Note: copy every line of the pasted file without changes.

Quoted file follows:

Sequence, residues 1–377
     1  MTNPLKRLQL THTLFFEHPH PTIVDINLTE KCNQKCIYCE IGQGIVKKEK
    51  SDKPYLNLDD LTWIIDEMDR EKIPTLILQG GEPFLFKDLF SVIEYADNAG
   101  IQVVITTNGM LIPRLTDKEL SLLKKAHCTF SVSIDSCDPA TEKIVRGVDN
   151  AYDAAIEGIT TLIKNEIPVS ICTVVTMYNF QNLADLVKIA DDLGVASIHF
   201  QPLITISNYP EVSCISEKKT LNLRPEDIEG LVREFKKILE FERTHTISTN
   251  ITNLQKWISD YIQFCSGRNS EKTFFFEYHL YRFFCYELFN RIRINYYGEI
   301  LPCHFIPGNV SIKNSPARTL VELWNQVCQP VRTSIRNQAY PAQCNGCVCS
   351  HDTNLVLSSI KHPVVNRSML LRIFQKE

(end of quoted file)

Sequence, residues 1–377
     1  MTNPLKRLQL THTLFFEHPH PTIVDINLTE KCNQKCIYCE IGQGIVKKEK
    51  SDKPYLNLDD LTWIIDEMDR EKIPTLILQG GEPFLFKDLF SVIEYADNAG
   101  IQVVITTNGM LIPRLTDKEL SLLKKAHCTF SVSIDSCDPA TEKIVRGVDN
   151  AYDAAIEGIT TLIKNEIPVS ICTVVTMYNF QNLADLVKIA DDLGVASIHF
   201  QPLITISNYP EVSCISEKKT LNLRPEDIEG LVREFKKILE FERTHTISTN
   251  ITNLQKWISD YIQFCSGRNS EKTFFFEYHL YRFFCYELFN RIRINYYGEI
   301  LPCHFIPGNV SIKNSPARTL VELWNQVCQP VRTSIRNQAY PAQCNGCVCS
   351  HDTNLVLSSI KHPVVNRSML LRIFQKE